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Stable self-serving personality traits in recreational and dependent cocaine users


Quednow, Boris B; Hulka, Lea M; Preller, Katrin H; Baumgartner, Markus R; Eisenegger, Christoph; Vonmoos, Matthias (2017). Stable self-serving personality traits in recreational and dependent cocaine users. PLoS ONE, 12(3):e0172853.

Abstract

Chronic cocaine use has been associated with impairments in social cognition, self-serving and antisocial behavior, and socially relevant personality disorders (PD). Despite the apparent relationship between Machiavellianism and stimulant use, no study has explicitly examined this personality concept in cocaine users so far. In the frame of the longitudinal Zurich Cocaine Cognition Study, the Machiavellianism Questionnaire (MACH-IV) was assessed in 68 recreational and 30 dependent cocaine users as well as in 68 psychostimulant-naïve controls at baseline. Additionally, three closely related personality dimensions from the Temperament and Character Inventory (TCI)-cooperativeness, (social) reward dependence, and self-directedness-and the screening questionnaire of the Structured Clinical Interview for DSM-IV Axis II Personality Disorders (SCID-II) were acquired. At the one-year follow-up, 57 cocaine users and 48 controls were reassessed with the MACH-IV. Finally, MACH-IV scores were correlated with measures of social cognition and interaction (cognitive/emotional empathy, Theory-of-Mind, prosocial behavior) and with SCID-II PD scores assessed at baseline. Both recreational and dependent cocaine users showed significantly higher Machiavellianism than controls, while dependent cocaine users additionally displayed significantly lower levels of TCI cooperativeness and self-directedness. During the one-year interval, MACH-IV scores showed high test-retest reliability and also the significant gap between cocaine users and controls remained. Moreover, in cocaine users, higher Machiavellianism correlated significantly with lower levels of cooperativeness and self-directedness, with less prosocial behavior, and with higher cluster B PD scores. However, Machiavellianism was not correlated with measures of cocaine use severity (r<-.15). Both recreational and dependent cocaine users display pronounced and stable Machiavellian personality traits. The lack of correlations with severity of cocaine use and its temporal stability indicates that a Machiavellian personality trait might represent a predisposition for cocaine use that potentially serves as a predictor for stimulant addiction.

Abstract

Chronic cocaine use has been associated with impairments in social cognition, self-serving and antisocial behavior, and socially relevant personality disorders (PD). Despite the apparent relationship between Machiavellianism and stimulant use, no study has explicitly examined this personality concept in cocaine users so far. In the frame of the longitudinal Zurich Cocaine Cognition Study, the Machiavellianism Questionnaire (MACH-IV) was assessed in 68 recreational and 30 dependent cocaine users as well as in 68 psychostimulant-naïve controls at baseline. Additionally, three closely related personality dimensions from the Temperament and Character Inventory (TCI)-cooperativeness, (social) reward dependence, and self-directedness-and the screening questionnaire of the Structured Clinical Interview for DSM-IV Axis II Personality Disorders (SCID-II) were acquired. At the one-year follow-up, 57 cocaine users and 48 controls were reassessed with the MACH-IV. Finally, MACH-IV scores were correlated with measures of social cognition and interaction (cognitive/emotional empathy, Theory-of-Mind, prosocial behavior) and with SCID-II PD scores assessed at baseline. Both recreational and dependent cocaine users showed significantly higher Machiavellianism than controls, while dependent cocaine users additionally displayed significantly lower levels of TCI cooperativeness and self-directedness. During the one-year interval, MACH-IV scores showed high test-retest reliability and also the significant gap between cocaine users and controls remained. Moreover, in cocaine users, higher Machiavellianism correlated significantly with lower levels of cooperativeness and self-directedness, with less prosocial behavior, and with higher cluster B PD scores. However, Machiavellianism was not correlated with measures of cocaine use severity (r<-.15). Both recreational and dependent cocaine users display pronounced and stable Machiavellian personality traits. The lack of correlations with severity of cocaine use and its temporal stability indicates that a Machiavellian personality trait might represent a predisposition for cocaine use that potentially serves as a predictor for stimulant addiction.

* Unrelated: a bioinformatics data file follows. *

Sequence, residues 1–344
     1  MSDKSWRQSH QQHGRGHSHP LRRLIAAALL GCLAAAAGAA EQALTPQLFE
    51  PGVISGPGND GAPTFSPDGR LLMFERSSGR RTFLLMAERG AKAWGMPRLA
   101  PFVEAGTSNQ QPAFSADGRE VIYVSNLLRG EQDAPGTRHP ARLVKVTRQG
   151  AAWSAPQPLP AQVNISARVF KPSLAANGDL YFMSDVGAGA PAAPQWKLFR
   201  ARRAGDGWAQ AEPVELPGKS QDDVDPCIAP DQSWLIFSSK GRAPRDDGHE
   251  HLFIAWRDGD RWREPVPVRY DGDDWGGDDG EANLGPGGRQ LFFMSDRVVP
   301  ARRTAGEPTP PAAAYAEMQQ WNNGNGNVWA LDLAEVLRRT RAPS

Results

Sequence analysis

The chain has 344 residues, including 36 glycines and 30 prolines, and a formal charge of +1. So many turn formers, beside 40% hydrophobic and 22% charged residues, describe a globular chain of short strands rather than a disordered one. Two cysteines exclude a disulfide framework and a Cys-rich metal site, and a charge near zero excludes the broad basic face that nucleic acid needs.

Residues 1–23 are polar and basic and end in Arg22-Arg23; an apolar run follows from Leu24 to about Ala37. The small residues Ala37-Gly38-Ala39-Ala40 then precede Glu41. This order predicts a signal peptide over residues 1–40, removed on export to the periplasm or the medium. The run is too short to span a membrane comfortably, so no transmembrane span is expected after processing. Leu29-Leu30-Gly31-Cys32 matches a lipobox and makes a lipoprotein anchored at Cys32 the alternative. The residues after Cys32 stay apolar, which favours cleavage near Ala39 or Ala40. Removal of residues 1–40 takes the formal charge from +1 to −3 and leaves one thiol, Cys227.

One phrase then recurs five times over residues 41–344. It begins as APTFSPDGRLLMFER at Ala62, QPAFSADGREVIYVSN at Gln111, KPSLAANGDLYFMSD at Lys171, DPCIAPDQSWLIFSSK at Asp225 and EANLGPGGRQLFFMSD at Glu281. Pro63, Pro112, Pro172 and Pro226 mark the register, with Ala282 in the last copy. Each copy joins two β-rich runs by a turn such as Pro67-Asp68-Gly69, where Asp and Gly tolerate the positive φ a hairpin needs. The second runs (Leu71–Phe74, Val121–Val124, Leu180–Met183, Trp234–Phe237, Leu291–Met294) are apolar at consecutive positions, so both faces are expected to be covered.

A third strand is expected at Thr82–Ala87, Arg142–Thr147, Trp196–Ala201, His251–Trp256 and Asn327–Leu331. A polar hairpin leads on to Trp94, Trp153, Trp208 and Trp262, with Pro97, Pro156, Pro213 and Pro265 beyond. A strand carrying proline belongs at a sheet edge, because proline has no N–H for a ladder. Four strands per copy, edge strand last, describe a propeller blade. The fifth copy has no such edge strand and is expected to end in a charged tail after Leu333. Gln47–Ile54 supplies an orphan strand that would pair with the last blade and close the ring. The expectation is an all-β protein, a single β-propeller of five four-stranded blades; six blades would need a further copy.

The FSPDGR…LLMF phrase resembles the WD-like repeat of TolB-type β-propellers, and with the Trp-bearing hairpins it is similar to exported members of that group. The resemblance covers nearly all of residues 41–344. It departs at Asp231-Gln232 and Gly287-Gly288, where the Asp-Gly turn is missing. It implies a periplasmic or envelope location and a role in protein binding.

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Additional indexing

Item Type:Journal Article, refereed, original work
Communities & Collections:04 Faculty of Medicine > Psychiatric University Hospital Zurich > Clinic for Psychiatry, Psychotherapy, and Psychosomatics
04 Faculty of Medicine > Institute of Legal Medicine
Dewey Decimal Classification:340 Law
610 Medicine & health
Language:English
Date:2017
Deposited On:07 Aug 2017 10:33
Last Modified:22 Sep 2017 13:28
Publisher:Public Library of Science (PLoS)
ISSN:1932-6203
Free access at:PubMed ID. An embargo period may apply.
Publisher DOI:https://doi.org/10.1371/journal.pone.0172853
PubMed ID:28253291

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